The sale prices paid were not made public. But it is estimated that the sale price of DSI Labs was as much as $75 million. That is a big chunk of change for NCH Healthcare System, which, at the time the sale was announced, projected losses of as much as $20 million for 2007.

Of course, it shouldn’t be overlooked that Carilion Health System of Roanoke, Virginia, has a strategy to build its outreach testing business—and is bidding for these acquisitions as they come to market. These are all signs that hospital CEOs are learning that lab outreach can be a lucrative endeavor.

10.  Procter & Gamble Positions Itself To Retail Diagnostic Tests in Stores

PROBABLY ONLY CLIENTS and regular readers of THE DARK REPORT are aware that, during 2007, Procter & Gamble invested a third of a billion dollars to position itself to sell diagnostic test kits to consumers in retail stores.

On the same day last May that Inverness Medical Innovations, Inc., announced that it was the successful bidder forBiosite, Inc., Inverness and Procter & Gamble announced the formation of a joint venture between the two companies. In this joint venture, called SPD Swiss Precision Diagnostics, GmbH, Inverness and Procter & Gamble will cooperate to develop and market what they call “consumer diagnostics”—self-test kits to be sold to consumers in retail outlets. (See TDR, June 4, 2007.)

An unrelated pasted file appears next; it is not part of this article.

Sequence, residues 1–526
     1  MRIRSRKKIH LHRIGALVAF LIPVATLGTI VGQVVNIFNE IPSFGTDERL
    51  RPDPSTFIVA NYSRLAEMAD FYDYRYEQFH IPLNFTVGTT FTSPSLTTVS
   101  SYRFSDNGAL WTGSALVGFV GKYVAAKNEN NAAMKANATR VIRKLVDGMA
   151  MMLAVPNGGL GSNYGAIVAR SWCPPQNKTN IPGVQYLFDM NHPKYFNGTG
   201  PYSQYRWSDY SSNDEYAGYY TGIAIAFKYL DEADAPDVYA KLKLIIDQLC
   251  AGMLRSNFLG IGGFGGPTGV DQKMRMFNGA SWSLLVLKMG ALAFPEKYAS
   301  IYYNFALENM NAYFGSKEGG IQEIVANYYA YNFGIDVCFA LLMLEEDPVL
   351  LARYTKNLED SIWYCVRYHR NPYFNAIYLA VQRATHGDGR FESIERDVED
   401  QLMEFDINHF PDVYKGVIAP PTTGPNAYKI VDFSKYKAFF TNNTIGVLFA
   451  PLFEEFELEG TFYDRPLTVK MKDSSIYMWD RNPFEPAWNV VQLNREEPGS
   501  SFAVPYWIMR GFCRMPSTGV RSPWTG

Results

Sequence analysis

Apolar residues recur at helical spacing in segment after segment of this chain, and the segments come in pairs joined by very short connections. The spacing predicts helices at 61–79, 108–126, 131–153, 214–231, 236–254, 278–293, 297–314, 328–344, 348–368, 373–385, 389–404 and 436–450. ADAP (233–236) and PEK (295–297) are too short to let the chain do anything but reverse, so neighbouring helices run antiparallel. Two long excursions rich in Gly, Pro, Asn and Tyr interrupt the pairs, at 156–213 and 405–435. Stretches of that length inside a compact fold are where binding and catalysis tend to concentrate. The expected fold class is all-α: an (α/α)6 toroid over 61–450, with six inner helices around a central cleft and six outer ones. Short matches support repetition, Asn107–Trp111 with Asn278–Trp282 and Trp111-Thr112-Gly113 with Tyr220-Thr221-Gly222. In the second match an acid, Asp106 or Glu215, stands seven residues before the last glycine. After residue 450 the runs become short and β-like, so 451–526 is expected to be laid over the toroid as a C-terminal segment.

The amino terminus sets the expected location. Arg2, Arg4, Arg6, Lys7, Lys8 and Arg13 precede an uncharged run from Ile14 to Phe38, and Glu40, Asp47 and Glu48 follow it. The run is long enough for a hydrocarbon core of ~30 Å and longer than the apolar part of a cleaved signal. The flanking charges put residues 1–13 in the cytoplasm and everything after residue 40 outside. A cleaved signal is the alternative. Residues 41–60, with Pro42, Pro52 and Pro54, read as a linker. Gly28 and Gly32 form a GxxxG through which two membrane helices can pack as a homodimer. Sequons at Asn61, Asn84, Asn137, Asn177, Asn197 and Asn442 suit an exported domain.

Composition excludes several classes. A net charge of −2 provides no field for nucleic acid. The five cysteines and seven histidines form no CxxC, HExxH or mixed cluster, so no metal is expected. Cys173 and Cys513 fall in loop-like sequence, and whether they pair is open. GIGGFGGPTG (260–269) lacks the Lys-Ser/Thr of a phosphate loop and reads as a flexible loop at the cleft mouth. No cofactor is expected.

This development is important and is one that pathologists and laboratory executives should not overlook. That is because Procter & Gamble is one of the world’s most respected consumer products companies. When it selects a product category to develop, it invariably succeeds.

Thus, P&G’s interest in positioning itself to have access to diagnostic technology that will allow it to create and sell diagnostic test kits to consumers in retail outlets is significant for two reasons. First, it shows that P&G expects diagnostic technology to develop rapidly to support accurate, off- the-shelf test kits that consumers can use with confidence. Second, it shows that P&G believes that demand by consumers for such test kits will grow steadily.